Dym Products, alter ego as a corporation. An unruly, oblique, queasily anti-consumption kind of corporation. My focal web presence was dymproducts.com; I didn't have a website under my given name until 2019.
It made sense to me to frame Dym Products as an umbrella corporation (and actually incorporated in California, 2013-2019) my projects as business units. Because although I could say I made installations or drawings, there were always other aspects to my work that got left out. And, ok, a chronic skepticism for the results of capitalism's mass production—sameness, descending quality, toxic materials. (I do have a love for nonsense invented "products," like 1970s Wacky Packages. That was part of it, too.)
Dym Products needed to go when I realized that what I wanted, now, was for human culture to embrace dematerialization. (Ha!) Making things, or even working with what exists already, under the guise of a corporation—or as myself—doesn't answer, feels distracting, not a useful means to think through something or convey thought.
A couple of the "business units," Dym | california textiles and Logo Removal Service, function more or less as businesses, have their own websites, and a bit of visibility on their own terms. (They both include products, services, and performance.) A third division, SubOptimal Systems, Products, Processes, loosely categorized as the Research & Development unit, was never especially public. It mostly involved me scratching my head, as I still do, at the way our economy requires us to extract, make, buy, get ride of so much material stuff. (SubOptimal Systems is part of "Use It All Up.") There's a terrific Philip K. Dick story, Autofac that anticipates this. (Read about Autofac and our current reality here—what google offered me when I looked for the story title.)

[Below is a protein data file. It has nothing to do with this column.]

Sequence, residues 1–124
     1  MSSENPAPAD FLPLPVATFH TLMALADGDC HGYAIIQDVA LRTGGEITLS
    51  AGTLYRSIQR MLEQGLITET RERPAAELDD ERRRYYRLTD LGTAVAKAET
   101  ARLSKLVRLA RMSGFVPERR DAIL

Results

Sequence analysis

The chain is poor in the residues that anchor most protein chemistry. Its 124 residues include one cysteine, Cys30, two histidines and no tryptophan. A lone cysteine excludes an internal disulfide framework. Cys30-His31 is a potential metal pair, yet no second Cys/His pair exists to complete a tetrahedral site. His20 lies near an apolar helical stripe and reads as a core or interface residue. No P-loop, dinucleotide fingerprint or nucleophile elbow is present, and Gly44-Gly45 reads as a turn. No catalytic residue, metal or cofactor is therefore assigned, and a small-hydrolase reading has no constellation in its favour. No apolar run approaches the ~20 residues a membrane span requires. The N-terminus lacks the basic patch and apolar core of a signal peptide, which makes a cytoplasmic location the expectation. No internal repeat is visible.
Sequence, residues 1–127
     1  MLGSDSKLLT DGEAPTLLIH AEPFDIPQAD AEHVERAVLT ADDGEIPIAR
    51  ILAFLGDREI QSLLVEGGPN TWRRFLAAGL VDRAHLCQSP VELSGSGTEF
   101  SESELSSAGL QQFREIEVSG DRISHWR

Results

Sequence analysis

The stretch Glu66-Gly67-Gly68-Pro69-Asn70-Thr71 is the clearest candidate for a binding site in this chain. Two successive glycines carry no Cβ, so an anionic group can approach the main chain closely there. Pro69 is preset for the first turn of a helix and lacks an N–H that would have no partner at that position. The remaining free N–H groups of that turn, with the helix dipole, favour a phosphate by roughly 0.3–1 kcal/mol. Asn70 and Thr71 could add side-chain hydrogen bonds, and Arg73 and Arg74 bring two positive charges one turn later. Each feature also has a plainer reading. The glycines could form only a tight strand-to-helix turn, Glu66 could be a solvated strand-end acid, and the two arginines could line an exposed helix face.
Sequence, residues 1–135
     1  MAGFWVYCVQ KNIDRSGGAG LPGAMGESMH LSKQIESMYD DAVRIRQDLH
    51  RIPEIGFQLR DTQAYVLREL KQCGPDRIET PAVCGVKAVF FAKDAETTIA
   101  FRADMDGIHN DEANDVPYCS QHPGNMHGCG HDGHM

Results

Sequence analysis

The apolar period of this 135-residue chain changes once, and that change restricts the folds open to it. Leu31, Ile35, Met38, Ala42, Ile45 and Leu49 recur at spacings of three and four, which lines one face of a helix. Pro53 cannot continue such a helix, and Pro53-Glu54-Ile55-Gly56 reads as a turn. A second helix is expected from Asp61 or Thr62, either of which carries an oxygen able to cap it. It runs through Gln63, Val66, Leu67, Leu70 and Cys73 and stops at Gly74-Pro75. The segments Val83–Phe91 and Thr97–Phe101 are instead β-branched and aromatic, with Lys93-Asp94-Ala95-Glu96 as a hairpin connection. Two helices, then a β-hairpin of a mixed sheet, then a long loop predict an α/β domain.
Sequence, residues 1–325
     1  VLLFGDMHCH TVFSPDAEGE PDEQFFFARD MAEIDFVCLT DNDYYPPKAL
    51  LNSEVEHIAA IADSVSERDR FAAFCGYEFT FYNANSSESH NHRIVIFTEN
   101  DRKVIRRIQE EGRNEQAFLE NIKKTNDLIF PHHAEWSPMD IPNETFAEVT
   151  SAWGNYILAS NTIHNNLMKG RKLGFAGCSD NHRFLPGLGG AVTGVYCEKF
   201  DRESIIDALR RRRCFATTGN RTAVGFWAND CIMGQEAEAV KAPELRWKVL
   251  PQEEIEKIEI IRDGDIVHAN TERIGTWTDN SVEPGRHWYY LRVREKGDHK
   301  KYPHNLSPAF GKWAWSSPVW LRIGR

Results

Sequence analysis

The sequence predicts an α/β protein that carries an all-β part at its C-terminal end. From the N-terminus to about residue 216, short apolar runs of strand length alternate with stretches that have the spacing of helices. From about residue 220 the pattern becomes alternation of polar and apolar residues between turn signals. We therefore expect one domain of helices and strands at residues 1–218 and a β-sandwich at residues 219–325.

With Logo Removal Service and SubOptimal Products, I repaired things, patched holes. The sewing, obsessively excessive, along with the optically vibrating fabric color choices inserted drawing, or non-paint painting, into conceptual projects. (All good painting is conceptual art.) Logo Removal depends on the combined specificity and arbitrariness in the strange shapes that evolved under my hands (i.e., subconscious-sewing-acts attention). Without these weird abstractions and challenging color combinations—related, perhaps, to paintings by Forest Bess or Marsden Hartley—the removals would have been "merely" utilitarian. With sewing and mending in lieu of pigment and canvas, this project visits feminist territory, while also questioning, however quixotically, capitalism's requirement to make vast quantities of identical cheap stuff.
A smaller, final division of Dym Products, Inc. included responding in pictures and writing—in collaboration with writer
Tom Clyde—to discoveries out in the world that caught my attention, mostly art, but also poetry and design.
Unused speculative hangtag (explanation below) 2016
Hangtag for fictional bag. // While earnestly creating products for craft marketplaces, I sometimes crafted anti-social hangtags to go with them—hangtags I wasn't brave enough to put on the products. Even micro-batches and one-offs are unneeded in a world with enough manufactured goods to last for multiple future generations. In early 2018, H&M alone had, they said, multiple billion tons of unsold (unsellable) clothing. We keep making things though. And loving the new and shiny.